The "hop-off-you-frogs" prize for the silliest headline about France in the British press - generally a much-contested honour - can be awarded early this year. "Is France on the way to becoming an Islamic state?" inquired the main headline on the comment page of The Daily Telegraph. The headline stood above a bizarre contribution to the debate about Muslim headscarves in French state schools. The writer was Barbara Amiel, the novelist, columnist and wife of The Telegraph's outgoing proprietor, Lord Black of Crossharbour.
She made the following assertions: "Many demographers" estimate that as much as 20-30 per cent of the French population under 25 is Muslim. And given current birth rates it is "not impossible" that in 25 years France will have a Muslim majority.
Both statements are absurdly wrong. They amount to the kind of inflammatory piffle you read in pamphlets produced by Jean-Marie Le Pen's xenophobic National Front. In truth, not even the National Front would make such lurid claims.
I put Ms Amiel's figures to Michèle Tribalat, who is the acknowledged expert on immigration at the French demographic institute INED (and, incidentally, a conservative with a small "c" like Ms Amiel, and no apologist for Islam). Mme Tribalat described the figures as "une sottise" (a piece of foolishness). "One wonders," she said, "where such figures come from and why."
Yes, there is a problem about the integration of France's Muslim minority. Yes, there is a worrying tendency for a tiny minority of this minority - often the most educated and middle class among them - to follow the more extreme Islamist teachings. (The same problem exists in Britain). No, the argument should not just be about numbers. It should be about mutual respect and mutual tolerance and equal opportunities. But since Ms Amiel has raised the question of numbers, let's look at the numbers.
France refuses to keep ethnic population statistics, on the high-minded, Republican principle that all French people are equally and indivisibly French. High-minded principles can have perverse consequences.
The ban on headscarves, and other religious symbols, in state schools is based on another abstract principle: that French citizens are, first and foremost, lay citizens of a lay state. In their spare time, they can worship whatever religion they choose. When they attend a state institution, such as a school, they must leave "ostensible" signs of their religious allegiances at the school gate.
The principle, and the proposed new law, may be well intentioned, but they have generated unforeseen problems for Sikhs and bearded schoolchildren, and wonderful opportunities for both Islamist and far-right demagogues.
Much the same is true of the ban on ethnic statistics. In the absence of official numbers, speculation thrives. The Muslim population of France has sometimes been put in the French press as high as six million (out of 60 million). The National Front talks of eight million, or even 10 million. Ms Amiel's article implies that by 2029, it will be somewhere near 35 million.
To try to clear up the confusion, the French state half-swallowed its principles a couple of years ago and allowed a sample poll on ethnic backgrounds as part of a national census. A report was published last year based on this poll. It was written by Mme Tribalat. She estimates that the true "Muslim population" of France is 3.7 million or 6 per cent. The percentage of Muslims in the French population under 18 is indeed higher, she told me - around 10 per cent. The percentage in the population under 25 is not "25-30 per cent", as Ms Amiel mystifyingly claims, but around 8 or 9 per cent.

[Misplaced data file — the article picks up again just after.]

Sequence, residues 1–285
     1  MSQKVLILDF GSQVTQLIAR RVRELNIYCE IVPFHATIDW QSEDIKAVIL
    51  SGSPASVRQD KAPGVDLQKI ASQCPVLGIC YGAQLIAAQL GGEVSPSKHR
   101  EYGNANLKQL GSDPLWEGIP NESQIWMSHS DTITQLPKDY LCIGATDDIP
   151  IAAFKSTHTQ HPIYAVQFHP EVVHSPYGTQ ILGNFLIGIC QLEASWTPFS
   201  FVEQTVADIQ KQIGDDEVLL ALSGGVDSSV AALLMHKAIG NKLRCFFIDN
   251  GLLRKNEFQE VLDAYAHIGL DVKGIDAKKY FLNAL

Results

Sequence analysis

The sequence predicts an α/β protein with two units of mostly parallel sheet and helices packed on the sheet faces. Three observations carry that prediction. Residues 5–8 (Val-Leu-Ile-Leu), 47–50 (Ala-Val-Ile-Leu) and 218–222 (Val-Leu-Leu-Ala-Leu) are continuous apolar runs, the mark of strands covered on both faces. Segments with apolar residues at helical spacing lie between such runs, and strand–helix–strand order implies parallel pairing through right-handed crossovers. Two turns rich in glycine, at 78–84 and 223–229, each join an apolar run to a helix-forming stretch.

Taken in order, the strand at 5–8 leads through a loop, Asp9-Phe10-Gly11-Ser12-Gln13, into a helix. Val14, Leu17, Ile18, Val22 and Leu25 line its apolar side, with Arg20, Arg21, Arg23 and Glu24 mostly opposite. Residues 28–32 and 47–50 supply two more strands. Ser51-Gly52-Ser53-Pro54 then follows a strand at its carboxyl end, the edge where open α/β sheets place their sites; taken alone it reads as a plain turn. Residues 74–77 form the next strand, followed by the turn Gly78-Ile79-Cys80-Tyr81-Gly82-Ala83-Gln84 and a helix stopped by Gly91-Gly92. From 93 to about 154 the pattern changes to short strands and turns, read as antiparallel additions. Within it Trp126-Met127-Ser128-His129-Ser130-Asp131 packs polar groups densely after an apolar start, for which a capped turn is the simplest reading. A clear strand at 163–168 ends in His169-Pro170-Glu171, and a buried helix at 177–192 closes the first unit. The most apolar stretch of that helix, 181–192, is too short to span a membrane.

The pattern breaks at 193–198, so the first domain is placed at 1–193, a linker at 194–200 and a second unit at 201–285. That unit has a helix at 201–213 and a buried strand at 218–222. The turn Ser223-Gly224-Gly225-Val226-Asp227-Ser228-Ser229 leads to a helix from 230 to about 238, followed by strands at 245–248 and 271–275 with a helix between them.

France has a buoyant birth rate, higher than that of most other EU countries, but it extends (rather surprisingly) across all social and ethnic groups. There is no particular Muslim baby-boom, as Ms Amiel implies. The big immigration flows into France - both legal and illegal - are now from China, Africa and Eastern Europe, not from North Africa. In other words, the Muslim share of the French population will grow a little in the next few years. In the longer run, it is likely to stablise and may even fall.
As Mme Tribalat says, one wonders where Ms Amiel's figures come from - and why.
Down and out on the Champs Elysées
My son Charles, almost 14, and his friend Pierre, spent 90 minutes on the Champs Elysées rattling a collecting tin for an ancient French charity that fights leprosy. At the end of that time, they had collected nothing. Rien. Eventually a down-and-out approached them. "Here," he said, dropping 50 cents (35 pence) into their tin. "This is all that I got this morning." Charles was rather moved. "It was like something out of the Bible," he said.
For all their talk of fraternity and solidarity, the French are not a very charitable people. Like other countries with a tradition of an overbearing state, they seem to assume that charity should be a state monopoly. A recent international survey concluded that the Americans were, individually, the most generous people on earth, giving on average €270 (£185) a year each to good causes. Britons - €100 (£68) each - were reasonably giving. The French - €70 (£48) each - were relatively miserly. The ex-Communist East European countries were the meanest of all.
The French are especially allergic to street collections, it seems. Only one in seven say that they put money in collecting tins, compared to one in three in Britain.
A bad year for monkeys
President Jacques Chirac may be less than pleased by the horoscope he received for the Chinese new year. In Chinese astrological terms, M. Chirac is a "water monkey". The new year is that of the "forest monkey". Often a disastrous combination, apparently. Some monkey business surely lies ahead.
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